Content

Site Report Definitions

Summary Page

Summary is our overall rating for the website. A site rating is our opinion of a website's reputation. The site rating is based on our interpretation of a variety of test results that we believe provide the best indication of a site's reputation over time.

We test sites for downloads, browser exploits, e-mail, phishing, e-commerce, pop-ups and cookies and affiliations with other sites.

We use proprietary techniques to visit and test sites. We then analyze the resulting data and present it to users in the form of colored icons.

Tested daily for hacker vulnerabilities.
Very low or no risk issues found.
Minor risk issues found.
Serious risk issues found.
Not yet rated. Use caution.

Country indicates where a domain is registered.

Popularity indicates how many visitors a website gets. High traffic does not always indicate low risk. For example, giving your e-mail to a very popular prize site can result in lots of spam, and installing a popular file-sharing program can come with bundled adware. Likewise, many personal websites, blogs and small business sites that do not get a lot of traffic can be safe to browse and use.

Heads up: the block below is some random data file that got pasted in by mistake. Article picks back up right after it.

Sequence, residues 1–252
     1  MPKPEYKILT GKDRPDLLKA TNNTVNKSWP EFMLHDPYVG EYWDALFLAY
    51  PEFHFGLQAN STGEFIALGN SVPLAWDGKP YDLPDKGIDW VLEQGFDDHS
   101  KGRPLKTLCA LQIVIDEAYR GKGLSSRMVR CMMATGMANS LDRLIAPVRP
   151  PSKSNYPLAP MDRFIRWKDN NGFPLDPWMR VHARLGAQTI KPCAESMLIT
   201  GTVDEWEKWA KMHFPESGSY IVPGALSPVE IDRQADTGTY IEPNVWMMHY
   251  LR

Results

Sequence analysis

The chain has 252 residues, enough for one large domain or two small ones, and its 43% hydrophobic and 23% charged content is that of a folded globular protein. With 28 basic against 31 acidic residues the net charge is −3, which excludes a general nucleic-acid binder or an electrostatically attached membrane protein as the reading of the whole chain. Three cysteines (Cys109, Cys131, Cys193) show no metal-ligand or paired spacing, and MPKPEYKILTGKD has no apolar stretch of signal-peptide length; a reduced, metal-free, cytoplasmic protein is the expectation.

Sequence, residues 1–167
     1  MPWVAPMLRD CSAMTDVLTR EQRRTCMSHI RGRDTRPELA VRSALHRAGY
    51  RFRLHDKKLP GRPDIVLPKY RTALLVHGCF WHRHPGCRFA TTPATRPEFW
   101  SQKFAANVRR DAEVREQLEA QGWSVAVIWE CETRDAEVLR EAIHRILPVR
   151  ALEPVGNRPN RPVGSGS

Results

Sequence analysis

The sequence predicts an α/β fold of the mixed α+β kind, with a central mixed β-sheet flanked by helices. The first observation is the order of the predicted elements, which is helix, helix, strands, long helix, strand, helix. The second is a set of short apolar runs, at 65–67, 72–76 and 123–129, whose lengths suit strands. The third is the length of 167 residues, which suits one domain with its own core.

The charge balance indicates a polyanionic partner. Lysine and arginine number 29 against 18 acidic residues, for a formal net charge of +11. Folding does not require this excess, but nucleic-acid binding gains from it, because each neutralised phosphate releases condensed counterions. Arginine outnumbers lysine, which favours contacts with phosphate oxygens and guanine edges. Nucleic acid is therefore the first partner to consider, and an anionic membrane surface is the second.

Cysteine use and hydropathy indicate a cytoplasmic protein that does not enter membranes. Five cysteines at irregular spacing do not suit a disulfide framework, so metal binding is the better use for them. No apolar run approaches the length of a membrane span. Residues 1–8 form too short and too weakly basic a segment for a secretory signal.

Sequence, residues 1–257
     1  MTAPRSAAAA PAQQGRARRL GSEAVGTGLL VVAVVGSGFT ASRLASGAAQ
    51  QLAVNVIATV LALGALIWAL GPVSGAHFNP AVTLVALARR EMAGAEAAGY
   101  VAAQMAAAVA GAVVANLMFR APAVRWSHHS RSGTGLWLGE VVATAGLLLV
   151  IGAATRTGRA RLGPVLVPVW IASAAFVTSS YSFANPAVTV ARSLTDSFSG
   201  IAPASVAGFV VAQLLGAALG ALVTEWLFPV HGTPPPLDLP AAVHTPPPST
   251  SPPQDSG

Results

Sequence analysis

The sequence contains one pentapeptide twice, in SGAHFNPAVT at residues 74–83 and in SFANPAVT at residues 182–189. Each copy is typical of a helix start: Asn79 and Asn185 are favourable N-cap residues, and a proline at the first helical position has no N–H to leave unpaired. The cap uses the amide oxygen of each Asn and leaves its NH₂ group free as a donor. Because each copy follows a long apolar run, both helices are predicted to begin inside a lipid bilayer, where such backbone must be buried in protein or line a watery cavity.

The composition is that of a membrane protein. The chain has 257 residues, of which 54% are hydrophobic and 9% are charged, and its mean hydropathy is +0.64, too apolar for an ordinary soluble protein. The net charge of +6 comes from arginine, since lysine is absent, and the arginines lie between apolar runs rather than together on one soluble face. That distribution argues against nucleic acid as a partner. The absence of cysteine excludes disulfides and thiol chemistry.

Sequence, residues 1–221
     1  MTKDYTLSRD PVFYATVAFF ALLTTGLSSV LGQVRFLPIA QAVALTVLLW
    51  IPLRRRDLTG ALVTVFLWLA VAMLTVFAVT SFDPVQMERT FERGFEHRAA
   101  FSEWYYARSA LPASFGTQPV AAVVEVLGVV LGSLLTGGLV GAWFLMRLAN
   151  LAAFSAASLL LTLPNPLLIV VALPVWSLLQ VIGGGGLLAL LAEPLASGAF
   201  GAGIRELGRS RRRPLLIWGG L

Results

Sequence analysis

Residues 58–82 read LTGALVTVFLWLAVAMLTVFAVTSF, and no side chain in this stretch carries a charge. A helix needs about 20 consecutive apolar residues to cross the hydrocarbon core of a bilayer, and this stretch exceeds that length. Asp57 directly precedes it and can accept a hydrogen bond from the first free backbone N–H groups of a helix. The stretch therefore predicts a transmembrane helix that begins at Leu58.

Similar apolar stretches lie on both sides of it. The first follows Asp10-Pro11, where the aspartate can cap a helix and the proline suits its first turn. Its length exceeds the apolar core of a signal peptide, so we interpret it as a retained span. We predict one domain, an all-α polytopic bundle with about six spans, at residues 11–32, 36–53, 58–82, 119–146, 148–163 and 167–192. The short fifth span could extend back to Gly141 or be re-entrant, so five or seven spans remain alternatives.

E-mail indicates our overall opinion of a website's e-mail practices. The e-mail test used by SiteAdvisor technology is an "action-result" test. The action is providing a unique e-mail address to forms found on the site; the result is the e-mail received. McAfee's e-mail test does not attempt to identify the reasons for, or the source of, the emails. We simply count the e-mail received by that address and score it for spam-like characteristics.

Downloads indicates our overall opinion of a website's downloadable files. We test downloadable software that is hosted by and directly linked to from a site. We use our award-winning McAfee anti-virus engine to determine if the file includes malware, such as viruses, Trojans, and adware and other types of potentially unwanted programs. We also test for program behaviors that we deem to be risky or merit a cautionary note. Behaviors can include resetting the browser's home page, adding toolbars or desktop shortcuts or contacting 3rd party Web servers. Based on these results, we score the site's downloads accordingly.